Ava Zevop | Webbed Wide Worlds
- Friday, 26 May 2023, 19.00
Guided tour of the exhibition
- Saturday, 27 May 2023, 13.00
- Friday, 2 June 2023, 18.00
Ava Zevop’s project Webbed Wide Worlds explores what artificial intelligence reveals as a map of the world, as it operates as a biased system at the level of both computational and cultural processes and is deeply embedded in our social, political and economic structures, despite its seeming immateriality. Kate Crawford considers the “empires of AI” – shaped by the entanglements of states and industries, which are “challenging and reshaping the traditional role of states while also being used to shore up and expand older forms of geopolitical power” – as the new atlas of the world. An atlas that represents a dominant and political way of seeing, in line with colonial desires for the centralisation of power.
The installation Webbed Wide Worlds comprises two parts. The first confronts the diverse products of three AI models for image generation (Stable Diffusion, Kandinsky-2 and CogView). These models may differ both in terms of their structures (where, among others, differences arise due to the different languages used) and at the level of the databases on which they are trained. The images presented in the exhibition as visual schemes were generated using the formal titles of countries as textual prompts for image generation. For the design of the visual schemes, which organise the generated images into continents, the artist drew upon atlases and maps of the world as specific organisations of knowledge and data visualisations, which are not neutral or objective representations of the world but always include a specific viewpoint and the political, social and aesthetic act of “worldmaking”, which establishes zones of different meanings and (in)visibilities.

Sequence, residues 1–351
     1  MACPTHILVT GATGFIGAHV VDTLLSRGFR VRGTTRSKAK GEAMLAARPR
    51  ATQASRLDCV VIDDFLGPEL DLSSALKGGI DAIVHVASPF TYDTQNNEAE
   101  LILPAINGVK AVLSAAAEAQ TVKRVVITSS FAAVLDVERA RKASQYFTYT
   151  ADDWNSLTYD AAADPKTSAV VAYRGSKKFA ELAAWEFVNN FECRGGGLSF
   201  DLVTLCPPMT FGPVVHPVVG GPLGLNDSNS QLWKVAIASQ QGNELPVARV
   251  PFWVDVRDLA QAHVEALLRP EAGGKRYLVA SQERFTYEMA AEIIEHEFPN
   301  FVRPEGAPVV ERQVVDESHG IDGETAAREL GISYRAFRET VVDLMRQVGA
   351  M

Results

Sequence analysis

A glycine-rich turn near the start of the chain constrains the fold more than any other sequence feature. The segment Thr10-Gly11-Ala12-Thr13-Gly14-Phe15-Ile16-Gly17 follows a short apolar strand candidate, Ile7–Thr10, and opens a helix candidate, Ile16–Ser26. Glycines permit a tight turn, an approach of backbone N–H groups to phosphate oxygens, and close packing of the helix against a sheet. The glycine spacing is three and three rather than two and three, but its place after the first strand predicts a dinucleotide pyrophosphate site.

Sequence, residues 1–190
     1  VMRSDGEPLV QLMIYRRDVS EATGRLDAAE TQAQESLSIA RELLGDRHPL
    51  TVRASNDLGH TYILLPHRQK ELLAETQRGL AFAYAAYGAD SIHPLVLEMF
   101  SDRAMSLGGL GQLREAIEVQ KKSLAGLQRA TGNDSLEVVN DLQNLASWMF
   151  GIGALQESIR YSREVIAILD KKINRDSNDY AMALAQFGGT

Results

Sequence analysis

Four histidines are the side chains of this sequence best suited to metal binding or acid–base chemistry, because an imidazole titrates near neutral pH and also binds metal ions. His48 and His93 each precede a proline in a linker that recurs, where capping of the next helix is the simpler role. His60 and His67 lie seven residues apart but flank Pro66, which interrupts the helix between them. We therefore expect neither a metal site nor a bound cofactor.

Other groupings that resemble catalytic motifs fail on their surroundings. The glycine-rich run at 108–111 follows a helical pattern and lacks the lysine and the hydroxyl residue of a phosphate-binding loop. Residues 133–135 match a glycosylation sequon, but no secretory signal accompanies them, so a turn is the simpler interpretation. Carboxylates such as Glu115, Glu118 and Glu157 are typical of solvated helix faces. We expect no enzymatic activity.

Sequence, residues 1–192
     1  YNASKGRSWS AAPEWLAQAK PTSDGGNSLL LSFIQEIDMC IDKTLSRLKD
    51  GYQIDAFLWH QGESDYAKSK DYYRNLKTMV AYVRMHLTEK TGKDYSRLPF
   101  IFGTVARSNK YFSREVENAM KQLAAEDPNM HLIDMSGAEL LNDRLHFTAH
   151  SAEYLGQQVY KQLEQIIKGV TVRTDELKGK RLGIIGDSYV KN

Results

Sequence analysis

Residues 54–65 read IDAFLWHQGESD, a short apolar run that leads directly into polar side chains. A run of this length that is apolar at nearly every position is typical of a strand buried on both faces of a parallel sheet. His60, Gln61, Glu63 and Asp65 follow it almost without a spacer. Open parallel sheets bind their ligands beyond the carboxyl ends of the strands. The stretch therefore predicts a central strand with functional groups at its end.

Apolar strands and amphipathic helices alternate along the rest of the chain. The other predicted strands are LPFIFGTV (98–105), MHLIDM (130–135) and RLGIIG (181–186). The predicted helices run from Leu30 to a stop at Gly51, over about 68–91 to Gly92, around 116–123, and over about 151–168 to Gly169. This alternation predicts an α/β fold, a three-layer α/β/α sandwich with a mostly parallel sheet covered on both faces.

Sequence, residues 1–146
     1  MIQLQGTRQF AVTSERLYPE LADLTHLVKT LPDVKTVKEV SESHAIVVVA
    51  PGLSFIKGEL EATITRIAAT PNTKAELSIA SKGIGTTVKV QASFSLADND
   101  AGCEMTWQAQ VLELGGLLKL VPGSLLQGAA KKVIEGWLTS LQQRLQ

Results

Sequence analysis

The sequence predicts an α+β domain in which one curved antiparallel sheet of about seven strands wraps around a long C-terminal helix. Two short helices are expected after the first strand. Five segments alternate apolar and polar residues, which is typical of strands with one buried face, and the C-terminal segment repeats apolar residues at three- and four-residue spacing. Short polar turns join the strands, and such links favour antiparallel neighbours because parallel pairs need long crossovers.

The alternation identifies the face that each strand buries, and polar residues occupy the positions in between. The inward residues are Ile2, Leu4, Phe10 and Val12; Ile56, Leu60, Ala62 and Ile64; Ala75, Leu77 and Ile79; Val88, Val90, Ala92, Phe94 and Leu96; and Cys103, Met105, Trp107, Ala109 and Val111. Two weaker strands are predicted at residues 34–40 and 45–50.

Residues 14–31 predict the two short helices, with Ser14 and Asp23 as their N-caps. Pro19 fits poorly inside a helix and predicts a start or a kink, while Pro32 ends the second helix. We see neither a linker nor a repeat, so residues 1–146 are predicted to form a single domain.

The second part of the project Webbed Wide Worlds, features aesthetically ambivalent sculptures which have been generated using an AI model for generating 3D objects. In the process of developing the project, the model was trained on the open-access database ScanTheWorld, which contains 3D scans of thousands of cultural artefacts, classified according to their current location. In a way, the database is a reflection of the wider problem of (mainly Western) museum collections, which include objects “collected” on colonial expeditions that are therefore detached from the locations and contexts of their origins.
A parallel can be drawn here with the “expansionist logic of never-ending collection” that underlies the creation of databases for neural network training, in which the world is flattened into data removed from its initial contexts through the processes of extraction and categorisation. In these processes, complex and – culturally, historically, geographically and politically – specific datasets are abstracted and transformed into an attempt to construct an objective and universal image of the world, which then provides the basis for the generation of new artefacts.
The project Webbed Wide Worlds considers various machine learning models as ideological agents of extraction, categorisation and interpretation and raises questions on the (new) maps and boundaries drawn by artificial intelligence, how its workings trace the (past and present) territories, relations and genealogies of power, as well as its role in the processes of creating the worlds of the future.
 Kate Crawford, Atlas of AI: Power, Politics, and the Planetary Costs of Artificial Intelligence, Yale University Press, New Haven 2021, p. 186.
 Ibid, p. 121.
Ava Zevop explores different media to reflect on the challenged notions of today’s reality, stylistics and semantics of digital culture, and the role of media and technology in “worldmaking” processes. She is currently researching machine learning as an acceleration of colonial reason. In the past, she has also operated under the name strtgm.
Previous works have been exhibited in the solo exhibition In the Beginning, There Was Static ... In the End, There Was the Webbed Wide World at osmo/za (2022) and in the group exhibitions Fever Dream at Kresija Gallery (2023), Design FEST Gent in the Design Museum Gent (2022), Let It Be Queer! in the City Gallery of Ljubljana (2021), and Infrastructural Complex: Altered Earth at the 26th International Festival of Computer Art – MFRU (2020). Ava lives and works between Ljubljana and Brussels.